Worm Breeder's Gazette 10(2): 135

These abstracts should not be cited in bibliographies. Material contained herein should be treated as personal communication and should be cited as such only with the consent of the author.

Non-coordinate Expression of 16 Kilodalton Heat Shock Genes of C. elegans

Don Jones, Dennis K. Dixon and E. Peter M. Candido

Our studies of the genes encoding 16 kilodalton heat shock proteins (
hsp16's) in C.  elegans have resulted in the characterization of two 
hsp16 loci.  One locus, hsp16-1/48, encodes a pair of divergently 
transcribed genes, hsp16-1 and hsp16-48, which are exactly duplicated 
in an inverted orientation, forming a 4 kb inverted repeat containing 
four hsp16 genes.  This locus has been assigned to a 368 kb contig 
which maps to chromosome V, by John Sulston and Alan Coulson.  The 
other locus, which has not yet been mapped, codes for another pair of 
divergently arranged genes, hsp16-2 and hsp16-41.  All four genes are 
under tight heat shock control.  However, Northern blot analysis had 
shown that there is approximately 15-fold more mRNA from locus 16-2/41 
than from 16-1/48, on a per gene basis (Jones et al., 1986).  To 
explore the molecular basis for this difference in expression levels, 
we have used locus-specific hybridization probes to measure the mRNA 
content of embryos under a variety of heat shock conditions.  Nuclear 
run-on assays demonstrate that the difference in expression of the 
hsp16 loci is not primarily due to transcription rates - the rate of 
hsp16-2 transcription in vitro is at most two-fold higher than that of 
hsp16-1.  In contrast, the two loci differ dramatically in the 
duration of their active phase and in the kinetics of inactivation 
during a prolonged heat shock.  When embryos are placed abruptly at 33 
C, the induction of both hsp16-1 and hsp16-2 message is detectable 
within minutes, and both transcripts accumulate at similar rates.  
However, hsp16-1 transcript levels begin to decline in less than one 
hour, while those of hsp16-2 continue to increase rapidly for an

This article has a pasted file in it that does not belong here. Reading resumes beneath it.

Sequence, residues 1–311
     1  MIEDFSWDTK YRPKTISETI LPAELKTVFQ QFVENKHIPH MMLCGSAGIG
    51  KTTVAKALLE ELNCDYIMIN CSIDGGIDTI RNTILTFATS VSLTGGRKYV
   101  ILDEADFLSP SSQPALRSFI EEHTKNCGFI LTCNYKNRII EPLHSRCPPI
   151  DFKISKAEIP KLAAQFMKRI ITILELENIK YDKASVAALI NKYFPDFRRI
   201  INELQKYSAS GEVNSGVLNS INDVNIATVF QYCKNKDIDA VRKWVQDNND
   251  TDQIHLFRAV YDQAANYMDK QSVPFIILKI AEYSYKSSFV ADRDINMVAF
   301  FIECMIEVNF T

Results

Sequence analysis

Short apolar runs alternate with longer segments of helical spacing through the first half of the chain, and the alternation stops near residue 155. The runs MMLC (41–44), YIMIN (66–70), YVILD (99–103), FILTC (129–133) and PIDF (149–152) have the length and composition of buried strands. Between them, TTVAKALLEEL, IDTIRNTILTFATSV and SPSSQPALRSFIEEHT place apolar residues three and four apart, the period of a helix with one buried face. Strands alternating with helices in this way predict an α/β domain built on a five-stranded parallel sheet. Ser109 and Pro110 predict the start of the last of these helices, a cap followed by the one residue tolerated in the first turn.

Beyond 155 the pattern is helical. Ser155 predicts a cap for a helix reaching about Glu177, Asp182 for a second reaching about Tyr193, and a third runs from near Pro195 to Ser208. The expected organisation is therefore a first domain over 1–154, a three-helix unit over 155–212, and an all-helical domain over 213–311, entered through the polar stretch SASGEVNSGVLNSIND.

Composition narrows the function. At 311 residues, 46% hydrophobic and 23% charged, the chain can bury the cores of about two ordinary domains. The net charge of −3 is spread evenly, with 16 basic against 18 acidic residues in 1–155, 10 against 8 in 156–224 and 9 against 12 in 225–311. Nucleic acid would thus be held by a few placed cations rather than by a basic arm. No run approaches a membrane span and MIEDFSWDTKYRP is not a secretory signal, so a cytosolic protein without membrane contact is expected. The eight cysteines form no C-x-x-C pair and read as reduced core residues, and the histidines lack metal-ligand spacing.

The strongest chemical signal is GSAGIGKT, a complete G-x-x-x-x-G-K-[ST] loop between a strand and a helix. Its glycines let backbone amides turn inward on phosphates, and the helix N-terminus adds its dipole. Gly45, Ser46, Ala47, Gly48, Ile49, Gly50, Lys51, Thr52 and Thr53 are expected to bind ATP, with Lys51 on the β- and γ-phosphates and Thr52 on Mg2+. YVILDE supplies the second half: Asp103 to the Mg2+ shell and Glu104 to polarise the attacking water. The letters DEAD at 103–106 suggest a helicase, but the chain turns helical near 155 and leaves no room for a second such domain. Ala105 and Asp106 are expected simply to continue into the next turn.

additional 40 min.  before beginning to decrease; under these 
conditions, the peak mRNA levels of the two genes differ by four fold. 
When embryos are heated gradually (1 C per 15 min.) to 33 C, the 
difference between loci is even more marked - the level of hsp16-2 
message continues to increase at a high rate for more than 30 min.  
after hsp16-1 mRNA reaches a plateau, and the ratio of 16-2:16-1 
message reaches 7:1, or 14:1 on a per gene basis.  Although we cannot 
measure mRNA half lives directly due to the impermeability of the 
embryos to inhibitors of transcription, the levels of hsp16-1 and 
hsp16-2 message drop in parallel during recovery from heat shock, 
suggesting that the two messages have similar stabilities.  Thus the 
major reason for the differences in expression of the two loci seems 
to be due to a difference in the shutdown phase of the heat shock 
response: although both loci are transiently activated by heat shock, 
locus 16-1/48 is more rapidly inactivated than locus 16-2/41.  The 
hsp16 genes are inducible at all stages of development, but the 
induced levels of message are highest in L1 and lowest in adults.  The 
difference in expression between the two loci is also greatest at L1.  
The thermotolerance of embryos was examined - abrupt 30 min.  heat 
shocks had little effect on survival until 36 C was reached, and at 38 
C the survival was only 30%.  If embryos were raised gradually to 38 C,
and kept at that temperature for 30 min., survival jumped to 
approximately 90%.  Likewise, if embryos were pre-treated at 32 C for 
30 min., then subjected to 38 C for 30 min., a greater than two-fold 
increase in survival was seen, relative to the abrupt heat shock.  Pre-
induction of the heat shock response thus greatly enhances survival in 
C.  elegans as in other organisms, and the effect is most significant 
for a gradual temperature increase, a situation which is undoubtedly 
much more frequently seen by worms living outside in the real world.